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Colorado Gov. Bill Ritter has signed into state law a bill that creates “a state-endorsed 13-member council, which will work across diverse sectors, to develop food system recommendations that state and local governments, businesses, agriculture and consumers can use to improve healthy food access in Colorado.”

According to Maren C. Stewart, president/CEO of LiveWell Colorado, a nonprofit organization that helped sponsor the legislation, “There isn’t one single place or single group that addresses the complexities of food systems and their impact on health. For the first time in Colorado, the Food Systems Advisory Council will convene stakeholders from the multiple sectors that impact food systems to recommend policies and programs that will increase access to healthy foods.”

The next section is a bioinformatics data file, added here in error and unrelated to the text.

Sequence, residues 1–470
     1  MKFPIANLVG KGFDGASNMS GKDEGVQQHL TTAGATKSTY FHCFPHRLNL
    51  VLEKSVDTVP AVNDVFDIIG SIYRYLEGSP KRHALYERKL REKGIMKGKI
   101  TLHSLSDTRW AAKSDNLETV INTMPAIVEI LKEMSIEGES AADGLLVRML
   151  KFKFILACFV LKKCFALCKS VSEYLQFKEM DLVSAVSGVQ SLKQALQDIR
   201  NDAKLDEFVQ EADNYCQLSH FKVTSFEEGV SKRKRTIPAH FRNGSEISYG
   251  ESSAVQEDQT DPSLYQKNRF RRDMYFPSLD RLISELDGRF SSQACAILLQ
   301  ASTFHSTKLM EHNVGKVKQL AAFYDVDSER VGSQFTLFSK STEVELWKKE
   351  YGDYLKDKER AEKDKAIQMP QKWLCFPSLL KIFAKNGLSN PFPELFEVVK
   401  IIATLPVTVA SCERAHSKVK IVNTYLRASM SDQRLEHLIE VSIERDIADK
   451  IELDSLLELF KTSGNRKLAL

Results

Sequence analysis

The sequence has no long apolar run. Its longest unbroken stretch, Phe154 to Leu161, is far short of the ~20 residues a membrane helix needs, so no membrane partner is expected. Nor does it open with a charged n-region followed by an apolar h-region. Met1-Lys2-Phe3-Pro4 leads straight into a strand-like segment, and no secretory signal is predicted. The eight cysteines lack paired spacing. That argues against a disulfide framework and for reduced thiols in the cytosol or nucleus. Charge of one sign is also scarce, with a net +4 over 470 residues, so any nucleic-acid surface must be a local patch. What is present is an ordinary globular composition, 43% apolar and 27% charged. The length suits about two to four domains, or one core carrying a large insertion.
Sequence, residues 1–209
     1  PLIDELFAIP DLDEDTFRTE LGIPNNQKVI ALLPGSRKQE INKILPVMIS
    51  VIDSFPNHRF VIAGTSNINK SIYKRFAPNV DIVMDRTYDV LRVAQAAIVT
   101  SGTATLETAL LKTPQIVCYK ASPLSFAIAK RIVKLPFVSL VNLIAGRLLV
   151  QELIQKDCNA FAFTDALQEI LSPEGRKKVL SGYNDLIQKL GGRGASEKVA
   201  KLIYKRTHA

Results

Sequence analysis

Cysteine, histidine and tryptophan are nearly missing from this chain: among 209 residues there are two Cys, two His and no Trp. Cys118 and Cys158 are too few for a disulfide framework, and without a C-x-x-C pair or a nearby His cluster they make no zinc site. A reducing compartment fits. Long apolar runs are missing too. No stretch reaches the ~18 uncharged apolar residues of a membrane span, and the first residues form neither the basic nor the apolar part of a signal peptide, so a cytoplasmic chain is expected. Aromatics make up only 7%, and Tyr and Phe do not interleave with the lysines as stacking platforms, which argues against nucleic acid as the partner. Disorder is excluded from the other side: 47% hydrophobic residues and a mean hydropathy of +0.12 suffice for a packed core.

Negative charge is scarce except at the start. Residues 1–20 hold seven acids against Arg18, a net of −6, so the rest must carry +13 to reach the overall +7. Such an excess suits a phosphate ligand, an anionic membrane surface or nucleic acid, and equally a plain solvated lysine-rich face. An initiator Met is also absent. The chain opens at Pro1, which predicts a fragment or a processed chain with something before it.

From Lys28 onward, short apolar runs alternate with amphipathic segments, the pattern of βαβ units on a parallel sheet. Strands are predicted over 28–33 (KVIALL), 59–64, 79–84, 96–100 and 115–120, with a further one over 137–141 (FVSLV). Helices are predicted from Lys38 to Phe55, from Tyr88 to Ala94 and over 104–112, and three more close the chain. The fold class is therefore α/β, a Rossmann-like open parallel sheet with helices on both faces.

LiveWell Colorado already has made a series of recommendations that will be considered by the council, including “providing incentives to support the economic development of healthy food retailers, including full-service grocers, mobile vendors, corner stores, and farmers’ markets and stands.”
KC's View:
One of the consistent criticisms made here on MNB of various anti-obesity initiatives is that they seem to be created in a vacuum, like throwing pasta against the wall to see what sticks.

The Colorado move seems like a concerted effort to take a comprehensive look at the problem and create solutions that work with each other, and that work for the consumer.

Which seems at least sensible.